I could be wrong, and history would judge me harshly for it, but I’m going to say it: Jeff Bezos is no Steve Jobs and never will be. The success of the Kindle Fire is leading to speculation that Amazon is the new gang buster in tablet town, a viable opponent to Apple, Google, and Microsoft.
No one will deny the phenomenal marketing success of the Kindle Fire. And that is what it was, marketing success, akin to running down the street shouting, “$200 iPads! $200 iPads!” Consider the success of fire sale HP and Blackberry tablets The crowd came running. Millions of Kindle Fires are expected to sell. I tip my hat to Amazon.
But let’s be realistic: it was nothing like how Apple stormed the tablet market, nothing. Apple made a device that users feel was more than worth the cost; Amazon made a device that its users are more likely to feel is good enough for the price, or more than worth it but not by much.
Amazon made a device with all the functionality of a 7-inch iPod Touch. Its hardware was a recycled Blackberry Playbook, its software a mutilated Android operating system for smartphones; its app offerings are laughable, it lacks basic location functionality normal to nearly all mobile devices, and can’t even be used to video chat, which in my own experience is one of the best things about a tablet.
Put aside all the bugs and shortcoming, as I’m sure Amazon will commit to fixing them when possible. They say they are committing to the fastest iteration cycle, though to be fair the obstacles inherent to building a tablet operating system out of a smartphone operating system basically will require them to do so just to keep up. Android Gingerbread will never be a tablet operating system, no matter how much they iterate, and will always fall short of taking full advantage of what a tablet can do.
So let’s go back to that Apple comparison: Apple built an operating system for a tablet, combined it with cutting edge hardware, and stormed the market with a highly stable device with a rich ecosystem. Amazon mutilated a smartphone operating system made by another company and slapped it onto recycled hardware that is, at best analysis, at least as as good as the original iPad and comparable in some ways to the iPad 2. But, they did have the rich ecosystem to match.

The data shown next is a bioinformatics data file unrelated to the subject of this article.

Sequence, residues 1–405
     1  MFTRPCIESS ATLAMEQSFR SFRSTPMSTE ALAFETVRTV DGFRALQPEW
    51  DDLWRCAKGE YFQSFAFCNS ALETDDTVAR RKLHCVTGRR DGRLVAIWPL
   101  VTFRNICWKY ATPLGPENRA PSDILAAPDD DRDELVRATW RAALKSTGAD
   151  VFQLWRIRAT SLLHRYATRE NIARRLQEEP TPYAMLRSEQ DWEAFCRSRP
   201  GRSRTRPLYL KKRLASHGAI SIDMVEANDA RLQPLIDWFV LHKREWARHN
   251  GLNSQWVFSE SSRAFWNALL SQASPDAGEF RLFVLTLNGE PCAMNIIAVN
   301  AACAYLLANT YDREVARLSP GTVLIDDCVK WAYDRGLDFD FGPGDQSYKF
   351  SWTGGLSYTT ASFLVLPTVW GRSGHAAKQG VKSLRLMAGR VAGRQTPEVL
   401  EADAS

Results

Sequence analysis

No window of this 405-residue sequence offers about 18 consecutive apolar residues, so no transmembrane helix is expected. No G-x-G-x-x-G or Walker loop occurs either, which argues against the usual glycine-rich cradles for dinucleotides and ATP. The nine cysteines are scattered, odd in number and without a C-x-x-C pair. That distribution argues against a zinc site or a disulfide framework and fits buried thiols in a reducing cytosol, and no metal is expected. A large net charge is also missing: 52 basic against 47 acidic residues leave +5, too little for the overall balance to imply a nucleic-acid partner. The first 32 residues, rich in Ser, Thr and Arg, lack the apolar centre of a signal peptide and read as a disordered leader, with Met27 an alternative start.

I’m not seeing anything remotely Apple in what Amazon did, in fact it perfectly fits their retail model. Amazon doesn’t really make most of the stuff they sell, they just slap a layer on top of it and call it their own. Steve Jobs accused Android of being a rip-off of iOS, but the Kindle Fire takes it to a new level.
Because of the need for platform consistency, they are expected to run the same operating system, or something almost identical, on their anticipated smartphone, the (Kindle?) Blaze. It’s hard to see that the Blaze will have the same effect on the smartphone market, where Android dominance is already far advanced, Android halo devices like the Nexus and Galaxy series are established brands, and content consumption isn’t as much of a selling point for various reasons (Amazon music is available on other smartphones, a smartphone isn’t ideal for video consumption or book reading, etc…). Existing Kindle Fire customers are the most obvious targets.
Amazon already has an app store for competing Androids established, and Gingerbread is a suitable operating system, and we might expect it to be better than the Fire. Leaked specs also suggest the Blaze will be trying to be a high-end smartphone at a low cost, and Amazon can promote it even more on their website It may become one of the best selling smartphones on the market. Getting carrier enthusiasm will be more of a problem, however.
Amazon competes with carrier stores for smartphone sales and can sell at low margins or at a loss, especially with their own products. It’s hard to imagine carriers will be wildly enthusiastic for yet another walled garden smartphone, from a company that would likely use their own device to sell other devices through their own website. How will they feel if an Amazon smartphone offers consumers discounts to avoid the carrier stores? Apple has stores but they only sell Apple, while Amazon sells other devices, and inevitably exposes customers to competing products not found in carrier stores.
Someone will surely carry it, but they won’t be rooting for it to be the new Android, that much is certain. The Kindle Android is Open Source, and yet no one seems the least bit interested in carrying it on their own devices, and there are very good reasons why. At any rate, cost will be less of a selling point when plenty of smartphones are cheap or free as it is.
Someone will carry the Blaze, because it will be an exclusive selling point like the iPhone, but like iPhone carriers, they will be pushing alternative devices over which they can exert more influence, such as Android and possibly WebOS if it can make a comeback. If Amazon gives in to the temptation to battle the carrier stores, this will further strain any relationship.